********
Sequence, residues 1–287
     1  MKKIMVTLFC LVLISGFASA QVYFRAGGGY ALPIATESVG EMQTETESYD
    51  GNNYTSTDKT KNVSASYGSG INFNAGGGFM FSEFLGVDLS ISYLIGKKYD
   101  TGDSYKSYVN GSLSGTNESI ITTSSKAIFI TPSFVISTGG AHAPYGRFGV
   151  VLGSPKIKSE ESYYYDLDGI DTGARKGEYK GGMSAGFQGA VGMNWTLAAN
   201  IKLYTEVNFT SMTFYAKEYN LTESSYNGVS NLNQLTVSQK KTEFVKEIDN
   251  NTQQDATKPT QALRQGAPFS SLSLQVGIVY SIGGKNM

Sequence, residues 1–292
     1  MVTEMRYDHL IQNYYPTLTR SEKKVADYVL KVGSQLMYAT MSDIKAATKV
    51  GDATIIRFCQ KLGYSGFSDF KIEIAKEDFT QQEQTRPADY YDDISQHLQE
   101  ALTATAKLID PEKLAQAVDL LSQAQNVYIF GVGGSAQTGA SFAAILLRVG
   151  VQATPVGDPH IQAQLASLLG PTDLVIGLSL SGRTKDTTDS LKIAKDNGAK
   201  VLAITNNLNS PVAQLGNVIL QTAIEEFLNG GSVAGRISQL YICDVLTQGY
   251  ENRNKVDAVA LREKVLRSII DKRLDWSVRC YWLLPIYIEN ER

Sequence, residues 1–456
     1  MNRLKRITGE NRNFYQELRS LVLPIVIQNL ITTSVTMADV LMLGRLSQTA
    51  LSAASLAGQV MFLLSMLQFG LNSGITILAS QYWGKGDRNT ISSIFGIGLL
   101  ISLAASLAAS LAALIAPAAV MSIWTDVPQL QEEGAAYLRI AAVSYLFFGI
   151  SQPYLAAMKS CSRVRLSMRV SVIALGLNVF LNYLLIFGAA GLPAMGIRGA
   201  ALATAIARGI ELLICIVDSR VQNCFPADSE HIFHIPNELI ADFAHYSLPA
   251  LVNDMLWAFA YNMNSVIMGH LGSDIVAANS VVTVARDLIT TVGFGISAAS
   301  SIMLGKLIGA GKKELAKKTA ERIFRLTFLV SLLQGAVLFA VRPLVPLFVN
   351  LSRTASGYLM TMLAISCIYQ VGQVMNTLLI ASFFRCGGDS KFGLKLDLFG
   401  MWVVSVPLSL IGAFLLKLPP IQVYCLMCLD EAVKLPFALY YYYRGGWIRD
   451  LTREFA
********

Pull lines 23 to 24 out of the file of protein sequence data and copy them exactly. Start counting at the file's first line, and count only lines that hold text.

   351  LSRTASGYLM TMLAISCIYQ VGQVMNTLLI ASFFRCGGDS KFGLKLDLFG
   401  MWVVSVPLSL IGAFLLKLPP IQVYCLMCLD EAVKLPFALY YYYRGGWIRD